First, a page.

Is it still considered archaeology when you're looking for human artifacts underwater? It sure is! It's known as marine or maritime archaeology. Marine archaeology is its own area of study due to its unique nature.
A marine archaeology excavation brings with it issues and challenges unique to being at the bottom of the ocean. For one thing, people can only dive so deep. For some wrecks, notably that of the RMS Titanic, remote controlled robots were used instead of fragile humans. The seafloor is a very dangerous place, it is also quite cold down there.
A brave robot, exploring the wreck of the RMS Titanic.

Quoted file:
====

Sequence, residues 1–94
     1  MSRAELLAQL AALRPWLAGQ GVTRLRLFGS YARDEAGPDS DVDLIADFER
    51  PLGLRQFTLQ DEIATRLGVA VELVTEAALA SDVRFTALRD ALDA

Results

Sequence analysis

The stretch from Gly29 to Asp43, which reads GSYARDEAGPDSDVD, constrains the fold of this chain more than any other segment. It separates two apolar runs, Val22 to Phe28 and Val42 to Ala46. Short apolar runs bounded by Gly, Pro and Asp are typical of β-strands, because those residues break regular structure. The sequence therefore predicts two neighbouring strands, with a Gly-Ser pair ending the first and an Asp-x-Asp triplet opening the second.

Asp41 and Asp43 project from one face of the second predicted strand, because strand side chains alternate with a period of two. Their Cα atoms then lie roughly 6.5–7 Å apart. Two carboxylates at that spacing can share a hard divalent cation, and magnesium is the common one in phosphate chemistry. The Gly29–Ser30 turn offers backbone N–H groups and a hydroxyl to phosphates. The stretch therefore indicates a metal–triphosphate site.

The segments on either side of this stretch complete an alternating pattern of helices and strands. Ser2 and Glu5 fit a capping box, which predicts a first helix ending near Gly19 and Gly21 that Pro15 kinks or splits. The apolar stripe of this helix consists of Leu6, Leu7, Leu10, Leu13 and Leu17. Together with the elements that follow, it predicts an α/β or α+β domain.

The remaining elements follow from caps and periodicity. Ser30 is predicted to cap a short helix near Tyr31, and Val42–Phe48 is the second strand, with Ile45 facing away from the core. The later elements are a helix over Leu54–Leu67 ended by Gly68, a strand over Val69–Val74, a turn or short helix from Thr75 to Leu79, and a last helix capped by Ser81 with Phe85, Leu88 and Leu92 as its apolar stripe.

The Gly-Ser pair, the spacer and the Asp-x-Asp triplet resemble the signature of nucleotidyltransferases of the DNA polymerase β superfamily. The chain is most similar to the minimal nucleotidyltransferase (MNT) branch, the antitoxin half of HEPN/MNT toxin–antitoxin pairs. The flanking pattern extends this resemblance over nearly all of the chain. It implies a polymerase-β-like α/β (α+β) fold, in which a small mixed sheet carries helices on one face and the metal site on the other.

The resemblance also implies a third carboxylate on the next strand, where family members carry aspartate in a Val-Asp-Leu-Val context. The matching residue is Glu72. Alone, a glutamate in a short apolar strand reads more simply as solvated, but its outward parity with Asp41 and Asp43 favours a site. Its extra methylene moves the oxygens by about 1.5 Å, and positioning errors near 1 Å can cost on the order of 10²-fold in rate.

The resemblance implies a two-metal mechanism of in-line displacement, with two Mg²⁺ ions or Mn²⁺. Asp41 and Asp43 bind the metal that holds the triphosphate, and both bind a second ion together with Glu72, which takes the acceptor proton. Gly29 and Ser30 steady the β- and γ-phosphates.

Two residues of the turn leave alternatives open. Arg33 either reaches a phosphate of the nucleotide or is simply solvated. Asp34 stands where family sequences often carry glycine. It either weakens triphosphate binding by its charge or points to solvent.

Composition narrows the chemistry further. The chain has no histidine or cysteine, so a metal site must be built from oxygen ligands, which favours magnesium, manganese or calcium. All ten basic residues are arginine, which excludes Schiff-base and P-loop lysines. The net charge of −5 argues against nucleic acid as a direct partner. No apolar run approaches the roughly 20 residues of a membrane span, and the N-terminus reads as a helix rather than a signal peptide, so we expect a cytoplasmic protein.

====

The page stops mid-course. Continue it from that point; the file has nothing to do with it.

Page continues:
Artifacts and ruins left underwater are quickly covered in marine life.
“Remote controlled robots were used instead of fragile humans”
According to the UNESCO World Heritage site, "the city of Tiwanaku, capital of a powerful pre-Hispanic empire that dominated a large area of the southern Andes and beyond, reached its apogee between 500 and 900 AD."
Just read great article by Joe West at Indiana State University. He and his team might have solved the mystery of how the Pyramids of Giza were (or should have been) built! West and his team did terrific research on Dodecagons.
This is an ancient wall complex in Machu Picchu, Peru. It took more than 100 years to complete, with rocks that weigh hundreds of tons. The fortress spans for 600 meters, and was the largest structure the Incas built.